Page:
Note: The following is an excerpt from the introduction to the article as published in The Tax Lawyer. Author citations have been omitted for brevity. Tax Section members may read the article in its entirety in Adobe Acrobat format.
Economic Nexus and Nonresident Corporate Taxpayers: How Far Will it Go?
Megan A. Stombock*
“The very purpose of the Commerce Clause is to ensure a national economy free from . . unjustifiable local entanglements.”
Article I, Section 8, Clause 3 of the United States Constitution, known more commonly as the Commerce Clause, grants Congress the power to regulate interstate commerce. The U.S. Supreme Court held in Complete Auto Transit v. Brady that, for a state tax to be considered valid under the Commerce Clause, it must (1) be applied to an activity that has a substantial nexus with the taxing state (the “substantial nexus requirement”), (2) be fairly apportioned to the activities carried on by a taxpayer in the state, (3) not discriminate against interstate commerce, and (4) be fairly related to the services and benefits provided by the state.
States, courts, Congress, taxpayers, and practitioners continue to debate whether a taxpayer’s physical presence or economic presence satisfies the substantial nexus requirement. A nonresident corporation is generally physically present in a state if it has a tangible investment, e.g., real property, employees, or equipment, located in that state. In contrast, a nonresident corporation is generally economically present in a state if it derives income from a state’s local market, e.g., from customers or intangible property, located in that state.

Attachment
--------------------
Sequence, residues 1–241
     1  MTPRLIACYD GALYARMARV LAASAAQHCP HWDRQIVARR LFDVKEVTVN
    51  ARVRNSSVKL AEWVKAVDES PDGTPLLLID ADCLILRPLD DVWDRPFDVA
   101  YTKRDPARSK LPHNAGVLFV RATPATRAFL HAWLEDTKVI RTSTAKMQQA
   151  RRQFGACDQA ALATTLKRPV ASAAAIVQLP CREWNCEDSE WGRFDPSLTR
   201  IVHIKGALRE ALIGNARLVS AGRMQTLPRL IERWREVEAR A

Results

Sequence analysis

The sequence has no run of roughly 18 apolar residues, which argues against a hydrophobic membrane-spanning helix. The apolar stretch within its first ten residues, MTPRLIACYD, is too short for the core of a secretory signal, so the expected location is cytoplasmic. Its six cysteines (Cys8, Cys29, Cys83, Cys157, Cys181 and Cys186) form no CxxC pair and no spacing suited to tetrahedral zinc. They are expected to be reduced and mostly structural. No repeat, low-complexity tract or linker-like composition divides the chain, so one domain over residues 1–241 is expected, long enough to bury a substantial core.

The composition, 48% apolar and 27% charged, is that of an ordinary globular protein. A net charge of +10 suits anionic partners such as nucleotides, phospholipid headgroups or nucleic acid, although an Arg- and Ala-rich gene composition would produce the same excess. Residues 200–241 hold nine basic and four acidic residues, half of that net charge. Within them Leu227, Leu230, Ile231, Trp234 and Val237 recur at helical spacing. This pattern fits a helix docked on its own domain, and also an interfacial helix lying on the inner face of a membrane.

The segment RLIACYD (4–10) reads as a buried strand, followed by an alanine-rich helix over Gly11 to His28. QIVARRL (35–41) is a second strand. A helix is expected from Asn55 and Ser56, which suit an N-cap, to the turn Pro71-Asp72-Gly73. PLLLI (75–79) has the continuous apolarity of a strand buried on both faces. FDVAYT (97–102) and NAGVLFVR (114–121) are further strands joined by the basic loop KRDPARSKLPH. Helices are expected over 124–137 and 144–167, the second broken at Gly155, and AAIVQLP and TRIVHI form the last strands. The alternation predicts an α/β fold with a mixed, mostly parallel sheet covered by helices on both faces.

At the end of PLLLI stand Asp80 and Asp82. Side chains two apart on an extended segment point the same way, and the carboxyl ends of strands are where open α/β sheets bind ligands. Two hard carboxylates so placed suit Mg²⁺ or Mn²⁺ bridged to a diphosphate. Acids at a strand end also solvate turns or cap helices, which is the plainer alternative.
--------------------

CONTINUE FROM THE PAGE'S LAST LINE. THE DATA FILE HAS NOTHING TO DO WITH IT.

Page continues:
Quill v. North Dakota held that, to satisfy the substantial nexus requirement, a nonresident corporation must have physical presence in a statebefore that state may impose a use tax collection obligation on the corporation. Some states and courts have strictly interpreted this holding to require a nonresident corporation’s physical presence in the taxing state only as a prerequisite to impose a sales and use tax, and do not extend the physical presence requirement to corporate income, franchise, excise, or gross receipts taxes (each, a “Business Activity Tax”). For example, the West Virginia Supreme Court of Appeals delivered a controversial decision permitting West Virginia to impose corporate and franchise taxes on nonresident corporations that have no in-state physical presence, but rather derive only economic benefits from their West Virginia customers. Other states and courts interpret Quill’s holding to require physical presence before a state may impose a Activity Tax and therefore prevent a state from imposing any type of tax based solely on a nonresident corporation’s economic presence. Since many states limit Quill’s application to sales and use taxes and others adopt a physical presence standard for Business Activity Taxes, a lack of uniformity has developed among states’ nexus standards. Several commentators agree that the current landscape burdens interstate commerce because states’ varying nexus standards prevent corporations from determining with any certainty where they are liable for Activity Taxes.
This Article discusses the current Business Activity Tax nexus debate. Part II provides an overview of the substantial nexus requirement. Part III examines physical presence case law. Part IV examines economic presence case law. Part V considers the arguments supporting an economic presence standard and arguments supporting a physical presence standard. Finally, Part VI recommends adopting a uniform physical presence standard for Business Activity Taxes or a “hybrid” nexus standard that incorporates elements of physical presence with some minimum economic presence threshold.
*Cadwalader, Wickersham & Taft LLP